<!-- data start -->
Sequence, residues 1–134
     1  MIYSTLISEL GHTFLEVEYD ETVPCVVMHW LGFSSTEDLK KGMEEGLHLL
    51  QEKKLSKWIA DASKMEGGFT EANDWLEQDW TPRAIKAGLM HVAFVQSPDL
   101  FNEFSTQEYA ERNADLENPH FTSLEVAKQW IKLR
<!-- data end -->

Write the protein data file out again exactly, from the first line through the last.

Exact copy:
Sequence, residues 1–134
     1  MIYSTLISEL GHTFLEVEYD ETVPCVVMHW LGFSSTEDLK KGMEEGLHLL
    51  QEKKLSKWIA DASKMEGGFT EANDWLEQDW TPRAIKAGLM HVAFVQSPDL
   101  FNEFSTQEYA ERNADLENPH FTSLEVAKQW IKLR